(Lack of) Headings in My Own Writing
I think a lot about using headings in my writing. Mostly, I think about not using them. I’ve been with my partner for several years and she has read many drafts of my writing. A standard recommendation she makes is to use subject headings in my writing, even if only part of the drafting phase. I don’t think I’ve ever seriously taken up that advice. I’ve always felt that using subject headings equaled bad writing. I’ve felt headings are a cheap and easy way out of doing the hard work of figuring out organization, even if the headings are removed in the final version of a piece of writing.
A Change in Attitude Towards Headings
However, I have to admit my perspective is changing on headings and exploring that subtle shift is one reason I wanted to read Northern Armageddon. One reasons I’m open to exploring such shifts in my attitude towards reading is the discussion of the differences between academic and public writing. These discussions frequently occurring between historians on Twitter and elsewhere. (BTW: Get with it literature scholars. We need to have these discussions, too.) I’ve also been thinking more about using headings in my writings for Pedagogy and American Literature Studies (PALS). Over at PALS we’ve had discussions about how best to showcase our content. Our posts are longer than the typical blog post, frequently venturing towards the length of a short articles. The length of these pieces can make for difficult online reading. Given the length and medium of the writing on PALS, we’ve often discussed how and why we use headings and images in order to create a smoother reading experience for site visitors. The conundrum of balancing content and form was an a significant concern in writing and presenting my recent post on Hamilton, which was nearly 2,500 words. My Hamilton post ended up with a significant use of headings throughout the piece.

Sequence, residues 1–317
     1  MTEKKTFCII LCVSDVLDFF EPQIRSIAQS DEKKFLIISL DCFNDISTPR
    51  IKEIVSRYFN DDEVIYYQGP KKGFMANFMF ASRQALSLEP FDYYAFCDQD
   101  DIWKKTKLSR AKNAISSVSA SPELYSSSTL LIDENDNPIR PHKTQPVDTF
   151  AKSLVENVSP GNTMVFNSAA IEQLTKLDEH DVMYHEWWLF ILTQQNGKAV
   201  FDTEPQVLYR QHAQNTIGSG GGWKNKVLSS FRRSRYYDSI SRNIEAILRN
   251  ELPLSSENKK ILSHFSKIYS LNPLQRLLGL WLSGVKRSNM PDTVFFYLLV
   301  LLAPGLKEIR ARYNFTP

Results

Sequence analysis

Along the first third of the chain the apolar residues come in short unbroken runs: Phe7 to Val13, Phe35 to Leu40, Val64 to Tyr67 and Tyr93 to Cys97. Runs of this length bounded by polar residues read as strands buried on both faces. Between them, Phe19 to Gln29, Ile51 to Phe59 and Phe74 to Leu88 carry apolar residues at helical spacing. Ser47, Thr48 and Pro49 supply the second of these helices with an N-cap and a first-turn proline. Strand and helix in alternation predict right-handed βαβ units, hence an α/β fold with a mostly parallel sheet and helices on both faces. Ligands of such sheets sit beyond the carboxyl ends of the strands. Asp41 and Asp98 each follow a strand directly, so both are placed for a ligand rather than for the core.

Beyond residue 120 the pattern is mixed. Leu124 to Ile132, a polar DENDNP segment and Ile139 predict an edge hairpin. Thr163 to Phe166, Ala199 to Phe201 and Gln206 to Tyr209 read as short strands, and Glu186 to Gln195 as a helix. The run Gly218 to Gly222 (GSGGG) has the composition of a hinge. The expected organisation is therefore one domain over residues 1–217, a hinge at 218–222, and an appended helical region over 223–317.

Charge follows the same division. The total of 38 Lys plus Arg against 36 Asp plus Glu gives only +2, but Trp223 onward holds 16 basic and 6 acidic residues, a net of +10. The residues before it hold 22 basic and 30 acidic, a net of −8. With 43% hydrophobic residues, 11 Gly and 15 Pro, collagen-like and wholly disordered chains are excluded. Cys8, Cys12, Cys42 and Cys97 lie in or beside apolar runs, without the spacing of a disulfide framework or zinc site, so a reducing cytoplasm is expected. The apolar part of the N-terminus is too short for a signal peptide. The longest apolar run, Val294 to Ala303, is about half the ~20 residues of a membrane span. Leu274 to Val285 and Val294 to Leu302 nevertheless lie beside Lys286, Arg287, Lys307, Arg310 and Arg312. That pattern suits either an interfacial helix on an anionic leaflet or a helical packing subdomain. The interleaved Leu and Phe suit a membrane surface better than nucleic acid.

I’ve also been thinking about what books I’ve recently read cover-to-cover and enjoyed. Two books come to mind from my summer reading. As part of my work on the Moravians, I’ve recently read Craig D. Atwood’s Community of the Cross: Moravian Piety in Colonial Bethlehem and Katherine Carté Engel’s Religion and Profit: Moravians in Early America. Both of these books make use of subject headings within the chapters, certainly not to the degree of Northern Armageddon. The headings in the books by Atwood and Engel were used frequently enough to be a great aid to this reader.
What is Your Take?
Do you use headings in drafting your writing or producing the final product? Is there some time between the emergence of online writing and the use of subject headings? Do you think certain fields are friendlier to the idea of using headings? I’d love to hear your take on these questions!